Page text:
Meanwhile, Shauna’s connection to Adam has been sniffed out by her former classmate and local cop Kevyn Tan (Alex Wyndham), who pays a visit to their home to question how well the two knew each other. Melanie Lynskey is so good at playing the ever-polite, damsel in distress facade of Shauna even as she continues to fail at covering up her crime by getting caught in a web of smaller lies. Callie saves Shauna with a fake excuse about a mother-daughter shopping trip, but doesn’t hide her disdain as soon as the police leave their house. Instead, Callie goes to a local pub and strikes up conversation with an older man who goes by “Jay” (played by John Reynolds from Search Party fame) who connects with her about living in a small town and having a difficult relationship with his parents. I thought this could be the Javi answer we’ve all been looking for, but was quickly proven wrong when “Jay,” actually an undercover cop, appears at the police station in the very next scene telling Kevin that Callie admitted to her mom’s affair. I wasn’t expecting the police to be circling Shauna so quickly, but I guess our girl wasn’t exactly discreet.
Teen Shauna continues to deal with the grief of Jackie’s death, finally allowing her body to be laid to rest. Because the ground was too hard to be dug up, the team opts to cremate her, though Shauna doesn’t let anyone take Jackie’s clothes. Lottie does lift her necklace and places it around Shauna’s neck as an ongoing emblem and memory of their friendship. They set the pyre ablaze and return to the cabin when a strange, supernatural force takes over.
Yellowjackets’s camera work depicts something more sinister swirling throughout the forest, manifesting in a large gust of wind that pushes snow onto the pyre and puts out the fire on Jackie. Her body somewhat…cooked, Shauna gives the green light we’ve all been waiting for: “She wants us to,” referencing a hallucinated conversation she had with the corpse earlier in the episode. (“It’s time to be honest, Shauna. You’re hungry,” Jackie’s corpse said to Shauna as she applied makeup to her best friend’s face. When Shauna argues that they’re getting by with their foraged meals, Jackie presses, “That’s not what you’re hungry for.”)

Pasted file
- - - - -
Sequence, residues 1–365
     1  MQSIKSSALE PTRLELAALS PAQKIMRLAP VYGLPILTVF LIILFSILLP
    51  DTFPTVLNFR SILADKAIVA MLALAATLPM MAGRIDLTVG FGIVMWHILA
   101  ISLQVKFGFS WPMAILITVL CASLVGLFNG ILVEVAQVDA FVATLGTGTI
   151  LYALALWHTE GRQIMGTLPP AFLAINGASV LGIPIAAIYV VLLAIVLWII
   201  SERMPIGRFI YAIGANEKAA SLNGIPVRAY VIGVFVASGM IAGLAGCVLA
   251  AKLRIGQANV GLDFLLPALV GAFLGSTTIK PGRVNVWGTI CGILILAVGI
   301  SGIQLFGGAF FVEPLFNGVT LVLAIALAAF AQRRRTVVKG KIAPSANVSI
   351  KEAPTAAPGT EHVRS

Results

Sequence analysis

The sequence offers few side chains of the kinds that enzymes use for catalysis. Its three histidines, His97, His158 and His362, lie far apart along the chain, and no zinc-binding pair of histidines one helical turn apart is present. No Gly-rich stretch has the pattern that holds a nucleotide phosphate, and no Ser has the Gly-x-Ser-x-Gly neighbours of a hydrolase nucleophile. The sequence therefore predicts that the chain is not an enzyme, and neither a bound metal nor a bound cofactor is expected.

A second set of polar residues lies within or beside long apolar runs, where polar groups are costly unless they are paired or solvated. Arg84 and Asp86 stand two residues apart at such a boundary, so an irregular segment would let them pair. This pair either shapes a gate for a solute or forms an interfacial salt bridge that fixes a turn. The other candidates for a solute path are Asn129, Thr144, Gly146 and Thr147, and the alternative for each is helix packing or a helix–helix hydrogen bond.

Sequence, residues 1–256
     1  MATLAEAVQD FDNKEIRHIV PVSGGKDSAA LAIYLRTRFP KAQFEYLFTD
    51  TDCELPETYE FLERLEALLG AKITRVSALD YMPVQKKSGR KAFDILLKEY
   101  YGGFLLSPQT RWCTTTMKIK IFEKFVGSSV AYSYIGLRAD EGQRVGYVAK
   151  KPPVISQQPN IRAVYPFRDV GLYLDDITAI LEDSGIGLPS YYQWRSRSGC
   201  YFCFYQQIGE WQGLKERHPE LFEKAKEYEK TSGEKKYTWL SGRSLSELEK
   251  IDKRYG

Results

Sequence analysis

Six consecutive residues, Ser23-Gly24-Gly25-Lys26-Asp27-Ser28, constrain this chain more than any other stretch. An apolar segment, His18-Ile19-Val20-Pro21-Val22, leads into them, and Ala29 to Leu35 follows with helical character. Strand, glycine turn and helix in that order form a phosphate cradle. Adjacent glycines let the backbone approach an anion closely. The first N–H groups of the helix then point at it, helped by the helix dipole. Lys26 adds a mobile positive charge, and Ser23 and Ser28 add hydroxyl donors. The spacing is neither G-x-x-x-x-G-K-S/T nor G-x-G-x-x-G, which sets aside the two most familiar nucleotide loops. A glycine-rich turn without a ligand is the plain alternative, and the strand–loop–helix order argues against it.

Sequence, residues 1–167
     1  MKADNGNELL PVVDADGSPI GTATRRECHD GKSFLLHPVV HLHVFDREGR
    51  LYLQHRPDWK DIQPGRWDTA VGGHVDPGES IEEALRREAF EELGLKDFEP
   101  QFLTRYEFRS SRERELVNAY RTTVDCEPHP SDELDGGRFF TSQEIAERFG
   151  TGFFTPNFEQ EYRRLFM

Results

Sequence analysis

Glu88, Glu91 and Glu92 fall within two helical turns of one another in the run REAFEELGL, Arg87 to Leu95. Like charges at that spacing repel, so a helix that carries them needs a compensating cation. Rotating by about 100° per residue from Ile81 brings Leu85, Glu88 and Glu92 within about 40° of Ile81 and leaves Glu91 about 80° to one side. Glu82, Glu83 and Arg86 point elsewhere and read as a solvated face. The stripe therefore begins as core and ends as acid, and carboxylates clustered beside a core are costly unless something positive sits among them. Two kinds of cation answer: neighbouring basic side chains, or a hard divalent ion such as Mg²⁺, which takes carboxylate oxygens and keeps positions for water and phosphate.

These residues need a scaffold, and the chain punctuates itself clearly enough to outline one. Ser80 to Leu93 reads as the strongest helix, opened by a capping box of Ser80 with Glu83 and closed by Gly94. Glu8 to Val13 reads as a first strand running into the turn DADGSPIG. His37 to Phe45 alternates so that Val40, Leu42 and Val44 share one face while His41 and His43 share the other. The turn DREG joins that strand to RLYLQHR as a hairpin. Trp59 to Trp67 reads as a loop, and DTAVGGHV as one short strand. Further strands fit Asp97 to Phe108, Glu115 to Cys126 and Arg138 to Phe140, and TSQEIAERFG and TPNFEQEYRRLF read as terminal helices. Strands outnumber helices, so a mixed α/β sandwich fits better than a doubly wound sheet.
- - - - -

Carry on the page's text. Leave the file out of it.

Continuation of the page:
Say no more; with Shauna making the first incision, the girls literally dig in without much hesitation. But Yellowjackets doesn’t just descend into cannibalism in the dark. Instead, we’re treated to a literal Thyestean Feast—an event in Greek mythology where Thyestes, a king of Olympia, was served his own children’s flesh by his vengeful twin brother Atreus as revenge for adultery. Thyestes participates unknowingly while drunk, letting out a belch that signified his satisfaction with the meal and loss of self-control.
While we don’t hear burps and belches in “Edible Complex,” we do get a direct nod to Thyestes and the forfeiture of control: the team is cautious at first and then quickly ravenous, ready to devour their friend at a make-believe feast fit for Greek gods. Outfitted in decadent opulence with white togas, gold leafy accents, and dramatic hair and makeup styling, the team sits around a positively overflowing table. Fresh strawberries and oranges, bottles of wine, a perfectly roasted chicken, and a plethora of burning candles set an inviting scene for this fateful moment.
But while the feast is real, the romantic nature of it is false. Intercut between the girls’ shimmering banquet is their reality in which they’re hungrily grabbing at Jackie’s burnt body in the middle of the woods, faces smeared with their friend’s remains. Notably, not everyone participates in the meal: Coach Ben seems disgusted by the turn and retreats to the cabin with a horrified look on his face. If this becomes the team’s main source of food, Coach Ben could be one to watch as a rogue dissident.
Aside from Shauna’s foray into flesh eating at the end of the premiere last week, it’s the first explicit confirmation we’ve gotten about their journey to cannibalism in the series so far. For it to come immediately in season 2 is a welcome push forward of the central narrative, and now that the door has been opened, many questions arise: how do the team’s morals guide them? At what point does the desperation for food lead to violence between the growing factions of the team? Given the ominous hints at a supernatural presence in the woods (that have, for one, kept Jackie’s charred body intact for the eventual feast), what else will they be coaxed into? What role does the symbol play in all of this?
It’s fascinating, though not surprising, that Shauna is the key to unlocking this promised cannibalism in the wilderness. She’s a proven sadist, murdering not just Adam but also the innocent rabbit found in her yard, and her relationships—from the one with her high school best friend, to those with her husband and daughter—are all tinged with both jealousy and guilt. Cannibalism is the gateway to Shauna’s future violent crimes, and violence seems to be her way of holding onto control in situations that are rapidly deteriorating around her. She may have engaged in the Thyestian Feast alongside her peers, but her discontent paints her as Atreus: a mastermind with ulterior motives.
Radhika Menon is a freelance entertainment writer, with a focus on TV and film. Her writing can be found on Vulture, Teen Vogue, Bustle, and more.